Industry experts agree that logistical problems ruined the stone fruit season, says deciduous fruit industry organisation Hortgro.
In a report that speaks of bitter disappointment, Anna Mouton writes that the season kicked off with excellent fruit set, followed by good harvest volumes especially in plums. Despite some wind damage, the volumes of export-quality fruit had producers optimistic early in the season.
“The product was good from the farm, through the pack house, and then it went to the port,” Charl Stander, technical advisor at Freshness First told Hortgro. “Then came the logistical nightmare that saw the product stay in the port for two to three weeks.”
It simply took too long
Most stone fruit cultivars must be consumed within six weeks of being harvested; packed, transported, shipped and distributed within 42 days.
“Much of the product only reached Rotterdam [in the Netherlands] at around 50 days or even later,” said Stander. “Then it still had to be distributed.”
Apart from the delays’ impact on fruit quality, the logistical problems also made it virtually impossible for exporters to react quickly to changes in harvest forecasts.
“The impact on balancing was enormous,” said Jacques du Preez, general manager of trade and markets at Hortgro, “and the untrustworthy shipping schedules made planning and management of the market extremely difficult.”
Other industries with highly perishable products – such as table grapes – were also dealt a blow. “All fruit’s volumes had basically increased, and the port didn’t keep up,” Du Preez explained. “There hadn’t been invested in equipment and infrastructure in the past ten years.”
According to Du Preez, strategies are already being put in place to ensure that the port will operate more effectively in the coming season. These include improved operational management, maintenance of existing equipment, and the acquisition of additional equipment.
Where does Putin fit in?
“The Russia-Ukraine conflict definitely contributed to the delays,” said Karin van Rensburg, technical advisor at In2Stone in the report.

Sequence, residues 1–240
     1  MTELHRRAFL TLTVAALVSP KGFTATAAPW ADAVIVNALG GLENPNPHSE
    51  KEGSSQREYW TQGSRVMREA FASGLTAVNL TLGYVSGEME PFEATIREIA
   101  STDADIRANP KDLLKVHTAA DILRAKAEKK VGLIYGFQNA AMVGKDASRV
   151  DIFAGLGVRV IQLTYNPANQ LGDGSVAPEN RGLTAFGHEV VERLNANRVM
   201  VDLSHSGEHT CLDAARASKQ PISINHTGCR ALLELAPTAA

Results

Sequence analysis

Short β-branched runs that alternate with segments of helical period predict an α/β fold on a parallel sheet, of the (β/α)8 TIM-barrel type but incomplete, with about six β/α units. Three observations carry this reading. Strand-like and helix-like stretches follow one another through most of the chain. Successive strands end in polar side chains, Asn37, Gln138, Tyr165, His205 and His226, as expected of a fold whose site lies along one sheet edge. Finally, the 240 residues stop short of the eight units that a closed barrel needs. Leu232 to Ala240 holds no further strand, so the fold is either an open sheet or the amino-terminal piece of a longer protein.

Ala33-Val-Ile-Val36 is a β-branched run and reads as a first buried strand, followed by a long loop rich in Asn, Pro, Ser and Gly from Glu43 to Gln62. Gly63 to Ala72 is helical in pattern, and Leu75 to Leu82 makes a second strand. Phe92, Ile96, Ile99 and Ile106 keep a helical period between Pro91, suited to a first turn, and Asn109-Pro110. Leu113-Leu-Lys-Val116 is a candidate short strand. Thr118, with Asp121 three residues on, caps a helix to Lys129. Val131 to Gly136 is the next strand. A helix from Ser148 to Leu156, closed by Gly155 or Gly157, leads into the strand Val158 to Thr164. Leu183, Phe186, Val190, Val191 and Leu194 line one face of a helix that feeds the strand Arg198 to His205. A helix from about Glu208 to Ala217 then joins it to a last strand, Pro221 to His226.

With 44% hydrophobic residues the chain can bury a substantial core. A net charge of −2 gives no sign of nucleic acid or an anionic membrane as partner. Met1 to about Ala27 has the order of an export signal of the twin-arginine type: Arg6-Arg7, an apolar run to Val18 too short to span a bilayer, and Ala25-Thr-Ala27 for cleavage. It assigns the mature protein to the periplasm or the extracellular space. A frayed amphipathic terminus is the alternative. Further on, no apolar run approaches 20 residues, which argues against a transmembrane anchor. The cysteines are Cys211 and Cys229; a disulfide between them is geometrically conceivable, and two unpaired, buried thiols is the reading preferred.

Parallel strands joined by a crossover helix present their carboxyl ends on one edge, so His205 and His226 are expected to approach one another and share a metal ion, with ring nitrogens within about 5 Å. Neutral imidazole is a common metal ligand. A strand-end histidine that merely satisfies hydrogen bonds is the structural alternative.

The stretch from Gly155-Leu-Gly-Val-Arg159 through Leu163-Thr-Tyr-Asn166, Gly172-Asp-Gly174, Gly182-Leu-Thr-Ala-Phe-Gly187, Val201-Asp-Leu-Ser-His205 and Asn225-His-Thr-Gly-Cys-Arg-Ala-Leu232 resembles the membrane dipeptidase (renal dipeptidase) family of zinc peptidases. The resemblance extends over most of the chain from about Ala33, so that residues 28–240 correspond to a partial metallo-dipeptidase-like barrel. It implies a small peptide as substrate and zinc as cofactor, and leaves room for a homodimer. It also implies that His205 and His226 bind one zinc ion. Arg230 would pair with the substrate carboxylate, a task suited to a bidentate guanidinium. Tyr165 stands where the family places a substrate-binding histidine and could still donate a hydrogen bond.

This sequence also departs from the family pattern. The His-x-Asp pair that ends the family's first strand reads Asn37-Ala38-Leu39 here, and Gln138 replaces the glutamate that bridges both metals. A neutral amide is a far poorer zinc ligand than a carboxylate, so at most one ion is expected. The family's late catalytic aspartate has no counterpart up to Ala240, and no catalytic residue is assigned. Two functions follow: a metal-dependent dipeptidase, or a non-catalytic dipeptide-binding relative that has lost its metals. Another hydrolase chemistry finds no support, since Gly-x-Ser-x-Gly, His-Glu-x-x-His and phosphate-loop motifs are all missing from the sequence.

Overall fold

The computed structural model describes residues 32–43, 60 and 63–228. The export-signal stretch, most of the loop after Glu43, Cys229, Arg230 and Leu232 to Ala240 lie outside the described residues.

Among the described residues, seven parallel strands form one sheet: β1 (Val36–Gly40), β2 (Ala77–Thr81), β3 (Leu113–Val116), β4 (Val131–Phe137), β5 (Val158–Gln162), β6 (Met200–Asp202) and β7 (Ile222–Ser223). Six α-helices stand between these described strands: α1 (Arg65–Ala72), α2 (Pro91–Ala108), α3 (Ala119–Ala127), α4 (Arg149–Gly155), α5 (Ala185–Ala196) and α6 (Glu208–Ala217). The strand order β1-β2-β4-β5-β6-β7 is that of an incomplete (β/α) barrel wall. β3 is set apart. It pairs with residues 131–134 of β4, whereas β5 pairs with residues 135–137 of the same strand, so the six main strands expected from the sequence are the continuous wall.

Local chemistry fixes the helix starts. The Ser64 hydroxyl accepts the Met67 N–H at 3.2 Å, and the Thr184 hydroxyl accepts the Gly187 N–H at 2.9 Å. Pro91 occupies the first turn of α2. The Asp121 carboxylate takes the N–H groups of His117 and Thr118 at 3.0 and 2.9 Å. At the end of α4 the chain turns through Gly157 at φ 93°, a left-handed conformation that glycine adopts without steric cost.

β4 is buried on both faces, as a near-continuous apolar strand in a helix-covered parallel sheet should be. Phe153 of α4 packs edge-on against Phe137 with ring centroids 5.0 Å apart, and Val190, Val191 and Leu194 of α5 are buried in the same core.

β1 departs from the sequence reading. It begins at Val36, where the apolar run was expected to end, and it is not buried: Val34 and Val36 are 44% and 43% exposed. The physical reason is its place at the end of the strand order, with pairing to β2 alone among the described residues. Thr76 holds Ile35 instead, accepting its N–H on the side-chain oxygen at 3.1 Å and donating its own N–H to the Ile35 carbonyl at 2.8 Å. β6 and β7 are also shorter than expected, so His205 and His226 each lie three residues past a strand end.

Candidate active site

Ships were rerouted from Russian ports to Rotterdam, where bottlenecks were soon experienced. “So, a week or two had been added in Cape Town, and a week or two on the other side. Before you could blink, the fruit were eight weeks old when they reached our clients,” Van Rensburg explained.
At the same time, there was an over-supply of fruit in the European market, as fruits of all kinds, usually imported through Russia, ended up in Europe, said Du Preez. This naturally impacted prices.
Then the conflict also affected fuel prices. “The supply chain got so expensive that most of the money you got back was actually eaten away by the cost,” added Van Rensburg.
Hope in America
Some good news for the stone fruit sector is that Mzansi exported about 300 000 cartons of plums and 30 000 cartons of nectarines to the United States, for the first time in decades.
“Some cultivars were a reasonably big success,” Stander told Hortgro. “It’s a new market in which the South African product earns a premium over the Chilean product.”
Du Preez said that, despite some hiccups and learning curves, this market will hopefully grow. The US is the first country to require cold treatment on stone fruit from South Africa, and the lessons learned will hopefully pave the way for exports to China, which also has cold treatment requirements.
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